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New artificial heart design sets our pulses racing

12 March 2018

OHSU physicians and researchers are developing what they hope will be the first permanent total artificial heart for a human being.

The heart design is an elegant and simple design. Two ventricles of the human heart are replaced with one titanium tube, that houses a hollow rod that shuttles back in forth. (Credit: OHSU/Kristyna Wentz-Graff)

The device was originally designed by the now-retired Richard Wampler, M.D., who was inspired to help those experiencing heart disease when he was as a surgical resident at OHSU 

“OHSU was the first to have an artificial heart valve, and now we are aiming to be the first to have a permanent, practical total artificial heart,” said Sanjiv Kaul, M.D., CEO of the OHSU Knight Cardiovascular Institute, which is advancing Wampler’s design. “We want to close that loop.”

OHSU’s total artificial heart is designed to permanently replace a failing heart for most adults and children aged 10 or older. Just one artificial heart is currently approved for human use in the U.S. but its manufacturer describes it as a temporary device. Artificial hearts have mostly been viewed as short-term fixes to help ailing patients while they wait for a human heart transplant.

The OHSU device has the potential to be a permanent replacement because of its simple design. It replaces two ventricles – the human heart’s lower chambers – with one titanium tube that contains a titanium alloy-coated hollow rod that shuttles back and forth. This to-and-fro motion moves blood to the lungs so it can grab oxygen and then sends the resulting oxygen-rich blood throughout the body.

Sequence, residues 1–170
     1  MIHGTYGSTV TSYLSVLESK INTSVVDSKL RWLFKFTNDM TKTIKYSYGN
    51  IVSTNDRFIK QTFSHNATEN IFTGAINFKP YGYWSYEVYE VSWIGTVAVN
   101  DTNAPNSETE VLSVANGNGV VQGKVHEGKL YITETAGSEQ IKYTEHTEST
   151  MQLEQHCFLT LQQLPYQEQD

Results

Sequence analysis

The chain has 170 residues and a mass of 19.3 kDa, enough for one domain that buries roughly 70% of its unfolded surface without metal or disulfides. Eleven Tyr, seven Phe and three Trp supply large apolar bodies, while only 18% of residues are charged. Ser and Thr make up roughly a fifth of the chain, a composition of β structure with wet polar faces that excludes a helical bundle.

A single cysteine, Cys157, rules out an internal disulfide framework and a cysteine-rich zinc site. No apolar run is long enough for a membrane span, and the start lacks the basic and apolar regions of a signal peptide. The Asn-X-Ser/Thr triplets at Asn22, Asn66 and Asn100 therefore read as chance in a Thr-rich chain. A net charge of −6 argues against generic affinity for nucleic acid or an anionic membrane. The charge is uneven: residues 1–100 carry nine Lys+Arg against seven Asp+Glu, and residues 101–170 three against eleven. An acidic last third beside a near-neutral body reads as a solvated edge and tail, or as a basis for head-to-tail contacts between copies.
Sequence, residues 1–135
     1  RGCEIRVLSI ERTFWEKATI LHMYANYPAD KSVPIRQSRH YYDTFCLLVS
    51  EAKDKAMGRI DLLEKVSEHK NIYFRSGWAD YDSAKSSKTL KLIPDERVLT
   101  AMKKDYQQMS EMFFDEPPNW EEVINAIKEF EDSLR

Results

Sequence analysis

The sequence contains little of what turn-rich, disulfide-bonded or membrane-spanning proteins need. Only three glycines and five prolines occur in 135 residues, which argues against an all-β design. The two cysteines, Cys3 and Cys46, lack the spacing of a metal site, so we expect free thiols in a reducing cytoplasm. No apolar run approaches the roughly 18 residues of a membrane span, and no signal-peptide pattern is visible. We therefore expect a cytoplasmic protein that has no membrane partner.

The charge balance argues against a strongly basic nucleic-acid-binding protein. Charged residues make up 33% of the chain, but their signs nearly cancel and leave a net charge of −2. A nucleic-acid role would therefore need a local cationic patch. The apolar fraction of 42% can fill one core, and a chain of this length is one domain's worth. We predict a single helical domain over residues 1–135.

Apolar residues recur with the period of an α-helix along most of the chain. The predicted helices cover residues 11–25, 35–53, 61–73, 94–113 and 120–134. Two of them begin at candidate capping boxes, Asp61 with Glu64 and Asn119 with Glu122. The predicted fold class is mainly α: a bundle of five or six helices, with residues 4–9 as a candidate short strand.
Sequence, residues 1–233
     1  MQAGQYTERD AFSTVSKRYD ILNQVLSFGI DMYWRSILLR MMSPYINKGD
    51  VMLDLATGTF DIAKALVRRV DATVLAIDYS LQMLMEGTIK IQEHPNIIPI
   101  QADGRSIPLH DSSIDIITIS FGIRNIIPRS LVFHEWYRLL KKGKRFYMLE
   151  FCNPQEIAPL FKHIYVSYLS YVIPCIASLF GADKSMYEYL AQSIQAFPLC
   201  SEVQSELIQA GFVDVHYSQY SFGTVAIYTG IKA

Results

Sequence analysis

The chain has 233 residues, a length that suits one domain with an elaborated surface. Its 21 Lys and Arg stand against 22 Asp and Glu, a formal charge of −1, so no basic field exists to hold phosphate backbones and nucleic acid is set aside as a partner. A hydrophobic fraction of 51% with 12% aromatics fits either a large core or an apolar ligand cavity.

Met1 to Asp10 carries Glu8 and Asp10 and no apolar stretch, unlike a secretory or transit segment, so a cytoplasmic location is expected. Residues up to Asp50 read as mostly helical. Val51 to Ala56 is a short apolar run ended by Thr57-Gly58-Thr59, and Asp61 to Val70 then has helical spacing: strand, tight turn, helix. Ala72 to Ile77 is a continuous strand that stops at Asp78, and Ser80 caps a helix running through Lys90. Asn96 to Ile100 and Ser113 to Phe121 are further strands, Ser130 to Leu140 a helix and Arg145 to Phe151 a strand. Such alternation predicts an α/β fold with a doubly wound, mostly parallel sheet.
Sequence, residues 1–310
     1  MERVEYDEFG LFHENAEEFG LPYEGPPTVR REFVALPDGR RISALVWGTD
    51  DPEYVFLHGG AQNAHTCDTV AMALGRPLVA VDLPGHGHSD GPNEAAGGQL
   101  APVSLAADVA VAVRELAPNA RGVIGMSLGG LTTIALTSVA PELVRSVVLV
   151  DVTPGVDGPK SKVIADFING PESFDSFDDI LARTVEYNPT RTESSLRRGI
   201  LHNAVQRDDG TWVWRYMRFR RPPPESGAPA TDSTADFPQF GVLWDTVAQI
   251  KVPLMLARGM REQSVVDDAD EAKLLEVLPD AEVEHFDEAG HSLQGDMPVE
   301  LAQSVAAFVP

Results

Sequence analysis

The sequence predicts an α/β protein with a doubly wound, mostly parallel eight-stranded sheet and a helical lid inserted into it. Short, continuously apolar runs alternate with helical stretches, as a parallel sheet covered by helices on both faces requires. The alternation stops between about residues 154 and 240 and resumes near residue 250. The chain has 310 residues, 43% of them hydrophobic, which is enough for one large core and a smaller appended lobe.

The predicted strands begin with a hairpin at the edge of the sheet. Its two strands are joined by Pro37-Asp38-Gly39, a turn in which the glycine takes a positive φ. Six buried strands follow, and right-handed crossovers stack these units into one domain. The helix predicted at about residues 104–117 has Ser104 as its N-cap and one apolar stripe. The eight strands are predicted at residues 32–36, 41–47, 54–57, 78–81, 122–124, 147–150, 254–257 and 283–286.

“Considering the human heart beats 14 million times a year, it’s crucial that an artificial heart is durable and robust,” Kaul said. “The simple, efficient design of our total artificial heart makes its potential for failure very low.”

OHSU’s artificial heart will be powered by a combined controller and rechargeable battery pack that users could carry in a pocket, attach to a belt or place in a backpack. With improved battery efficiency and design, the battery could eventually be implanted under the skin and recharged from the outside.

Other artificial heart designs have many complex and moving parts, including two artificial ventricle chambers and various artificial valves. The more parts there are in a machine, the more parts that could break or malfunction, Kaul said. The OHSU device doesn’t have valves and its interior hollow rod is suspended with hydrodynamic bearings, meaning it never touches the tube in which it moves.

OHSU’s artificial heart is also unique because it creates a blood flow that mimics a natural human pulse. Other artificial heart pumps send blood through the body in a continuous flow, without a pulse. Having a pulse-like blood flow minimises blood damage, reduces the risk of blood clotting, and may also reduce some of the complications seen in devices that don’t pulse, such as gastrointestinal bleeding and stroke.

Video courtesy of OHSU/Kristyna Wentz-Graff

The original article can be found on the OHSU website


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